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Discussion Starter · #1 ·
I learned something interesting a few weeks ago listening to Dr. Cameron Jack discuss oxalic acid applications. There has long been great confusion among beekeepers about whether we were actually vaporizing or sublimating oxalic into our hives.

Vaporization being taking a solid, converting it to liquid and then to gas. Sublimation being taking the solid and converting it straight to gas without ever liquefying it.

According to Jack, oxalic acid dihydrate, which is the approved compound in the US for treating varroa, is vaporized and not sublimated.

Only pure oxalic acid can be sublimated directly from solid to gas.

Virtually all of us (at least in the US) use oxalic acid dihydrate, therefore, we are vaporizing and not sublimating.

Many of you probably knew all of this, but that was not my previous understanding of the reaction. Thought I would share.
 

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Maybe we are just playing with words hers as there might be a difference in the reaction between heating up anhydrous Oxalic acid and oxalic acid dihydrate. But I think the importance here is that the water of crystallization provides the pressure which forces the vapor into the closed hive, but I am sure you would not get those tiny crystals if the OA did not sublimate. I think that the liquid we see from the heated OA is the water being released as the OA starts to become a gas.
 

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the device is a heat vaporizer... weather it goes liquid to gass (like the water in OAD) or from sold to gas doesn't mater, the tool still turns things to vapor.

Anhydrous sublimates after as the water is cooked out of it. while is may be a "liquid" supersaturated soulstion for a bit (the "splatter" you some times get), the OA is in a dissolved state and a sold not a liquid

How does oxalic vaporization work? In the CRC Handbook of Chemistry and Physics we find that upon heating oxalic acid, the water of hydration boils off first, then at 315°F the oxalic acid starts to sublime (go directly from solid to vapor), and finally at 372°F any oxalic acid which has not yet sublimed decomposes to initially to formic acid and carbon dioxide, and then to CO2, carbon monoxide, and water). One of the problems with some vaporizers is that they get too hot too quickly and decompose, rather than evaporate the acid.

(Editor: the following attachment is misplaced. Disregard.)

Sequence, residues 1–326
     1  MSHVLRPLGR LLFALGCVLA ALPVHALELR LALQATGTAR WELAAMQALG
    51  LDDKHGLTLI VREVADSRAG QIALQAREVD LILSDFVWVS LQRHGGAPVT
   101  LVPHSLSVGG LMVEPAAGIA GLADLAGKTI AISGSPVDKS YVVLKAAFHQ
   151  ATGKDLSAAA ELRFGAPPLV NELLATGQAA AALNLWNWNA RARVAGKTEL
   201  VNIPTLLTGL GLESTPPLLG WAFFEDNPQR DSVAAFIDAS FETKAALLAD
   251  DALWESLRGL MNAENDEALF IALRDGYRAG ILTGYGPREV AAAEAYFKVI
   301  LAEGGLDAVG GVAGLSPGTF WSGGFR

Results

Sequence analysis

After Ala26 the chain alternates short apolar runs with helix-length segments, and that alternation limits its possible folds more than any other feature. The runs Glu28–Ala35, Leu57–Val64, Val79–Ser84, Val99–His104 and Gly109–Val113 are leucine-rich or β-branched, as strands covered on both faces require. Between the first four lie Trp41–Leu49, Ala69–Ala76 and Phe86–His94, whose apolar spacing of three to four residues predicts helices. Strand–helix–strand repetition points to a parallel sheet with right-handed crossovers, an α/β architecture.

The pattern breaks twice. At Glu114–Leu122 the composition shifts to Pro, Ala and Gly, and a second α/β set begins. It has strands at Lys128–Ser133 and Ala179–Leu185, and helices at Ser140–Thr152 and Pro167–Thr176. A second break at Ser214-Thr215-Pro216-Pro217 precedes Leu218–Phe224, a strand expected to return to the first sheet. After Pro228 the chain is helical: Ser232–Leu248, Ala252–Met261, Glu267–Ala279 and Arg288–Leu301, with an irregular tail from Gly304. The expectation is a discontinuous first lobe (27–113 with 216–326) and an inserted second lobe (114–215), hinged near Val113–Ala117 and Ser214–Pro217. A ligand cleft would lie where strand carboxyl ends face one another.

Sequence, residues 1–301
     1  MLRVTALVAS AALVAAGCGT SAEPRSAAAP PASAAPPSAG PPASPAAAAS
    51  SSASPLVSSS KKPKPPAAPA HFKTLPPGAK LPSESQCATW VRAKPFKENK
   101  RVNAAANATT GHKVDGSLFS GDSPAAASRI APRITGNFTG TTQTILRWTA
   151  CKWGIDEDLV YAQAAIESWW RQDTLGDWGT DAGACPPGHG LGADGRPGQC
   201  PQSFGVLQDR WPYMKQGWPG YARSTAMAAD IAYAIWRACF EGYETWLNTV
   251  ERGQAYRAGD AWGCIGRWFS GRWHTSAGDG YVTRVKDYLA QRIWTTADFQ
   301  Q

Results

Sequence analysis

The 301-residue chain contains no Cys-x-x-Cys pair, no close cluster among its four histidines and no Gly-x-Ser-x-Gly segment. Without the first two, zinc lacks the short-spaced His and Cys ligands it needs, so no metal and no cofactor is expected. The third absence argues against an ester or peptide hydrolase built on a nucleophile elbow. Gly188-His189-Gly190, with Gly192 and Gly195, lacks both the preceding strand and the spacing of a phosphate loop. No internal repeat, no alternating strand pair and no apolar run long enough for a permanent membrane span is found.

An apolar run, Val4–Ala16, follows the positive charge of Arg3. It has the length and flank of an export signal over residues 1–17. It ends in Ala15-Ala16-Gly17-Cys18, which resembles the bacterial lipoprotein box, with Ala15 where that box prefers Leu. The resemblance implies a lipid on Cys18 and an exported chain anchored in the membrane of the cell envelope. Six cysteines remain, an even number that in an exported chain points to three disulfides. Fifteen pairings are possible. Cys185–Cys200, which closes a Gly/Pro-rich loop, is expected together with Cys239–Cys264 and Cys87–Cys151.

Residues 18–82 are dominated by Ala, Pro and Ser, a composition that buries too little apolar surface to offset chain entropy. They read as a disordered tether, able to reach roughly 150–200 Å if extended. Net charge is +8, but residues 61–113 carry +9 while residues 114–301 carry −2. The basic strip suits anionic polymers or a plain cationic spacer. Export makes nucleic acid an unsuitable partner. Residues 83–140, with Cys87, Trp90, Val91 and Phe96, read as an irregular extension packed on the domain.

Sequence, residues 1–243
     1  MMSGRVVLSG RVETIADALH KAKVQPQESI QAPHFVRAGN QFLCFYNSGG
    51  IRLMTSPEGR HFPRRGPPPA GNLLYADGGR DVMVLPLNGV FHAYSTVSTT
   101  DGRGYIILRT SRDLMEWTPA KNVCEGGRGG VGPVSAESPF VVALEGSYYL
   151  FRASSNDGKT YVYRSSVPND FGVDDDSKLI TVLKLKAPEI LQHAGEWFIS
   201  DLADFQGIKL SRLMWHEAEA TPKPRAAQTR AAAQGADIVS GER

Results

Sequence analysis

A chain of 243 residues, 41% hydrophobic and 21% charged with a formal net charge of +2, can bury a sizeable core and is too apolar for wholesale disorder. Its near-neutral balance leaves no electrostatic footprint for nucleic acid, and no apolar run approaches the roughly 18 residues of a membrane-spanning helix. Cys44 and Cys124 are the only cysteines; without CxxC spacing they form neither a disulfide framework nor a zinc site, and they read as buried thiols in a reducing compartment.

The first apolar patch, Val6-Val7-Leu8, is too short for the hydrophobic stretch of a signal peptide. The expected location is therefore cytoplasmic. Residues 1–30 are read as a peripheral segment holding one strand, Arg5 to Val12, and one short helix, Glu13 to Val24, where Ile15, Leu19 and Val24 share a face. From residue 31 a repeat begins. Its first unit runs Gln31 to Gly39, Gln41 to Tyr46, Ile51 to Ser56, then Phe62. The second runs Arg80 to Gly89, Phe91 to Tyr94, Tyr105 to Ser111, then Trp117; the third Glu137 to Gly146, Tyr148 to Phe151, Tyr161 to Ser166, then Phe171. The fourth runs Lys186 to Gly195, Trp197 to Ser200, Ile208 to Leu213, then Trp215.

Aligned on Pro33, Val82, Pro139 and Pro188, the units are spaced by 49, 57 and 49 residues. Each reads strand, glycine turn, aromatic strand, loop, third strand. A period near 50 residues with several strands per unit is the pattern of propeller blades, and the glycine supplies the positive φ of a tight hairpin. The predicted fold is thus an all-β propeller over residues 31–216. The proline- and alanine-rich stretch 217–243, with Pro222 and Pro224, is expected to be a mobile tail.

http://scientificbeekeeping.com/oxalic-acid-heat-vaporization-and-other-methods-part-2-of-2-parts/
 

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Discussion Starter · #5 ·
msl:

Jack's point is that we are not using oxalic acid. We are using oxalic acid dihydrate. Pure oxalic acid would sublimate. Oxalic acid dihydrate does not. It must pass through the liquid stage. I posted a link to the podcast above where Jack explains it. Like I said, it was news to me.
 

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I will dig a bit deeper later
But on face value OAD melts at 101c, the water boils out of it and it becomes sold OAA, at 189-191c OAA melts, at 190c the OAA boils in to vapor, or sublimes depending on the melt point.. but +-1c doesn't mater in the practical sense like tossing a 1g ice chip on a white hot steel plate vs a 1g water drop the end is the same.
 

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Indeed that's what happens

Set the band heater vap to 115c, once to temp I loaded a charge
ended up with a pool of slightly bubbling liquid (very tiny bubbles).. a little bit of Vape comeing off.
Changed the setting to 150c.. by the time it hit 125c it was bubbling rapidity(very large bubbles), by 150c it was a dry sold, little bit of vape coming off
turned the heat back up to 230c and the sold started subliming hevey at 185 or so and was gone by 200

my observation is right in line with the CRC Handbook of Chemistry and Physics refrance and my sujested range in post 6


So it appears we do melt OAD , boil out the water to turn it to sold OAA then sublime the OAA
if we were vaporizing OAD as Dr jack suggests the vapor should have all boiled out of the liquid, not changed to a sold state
 
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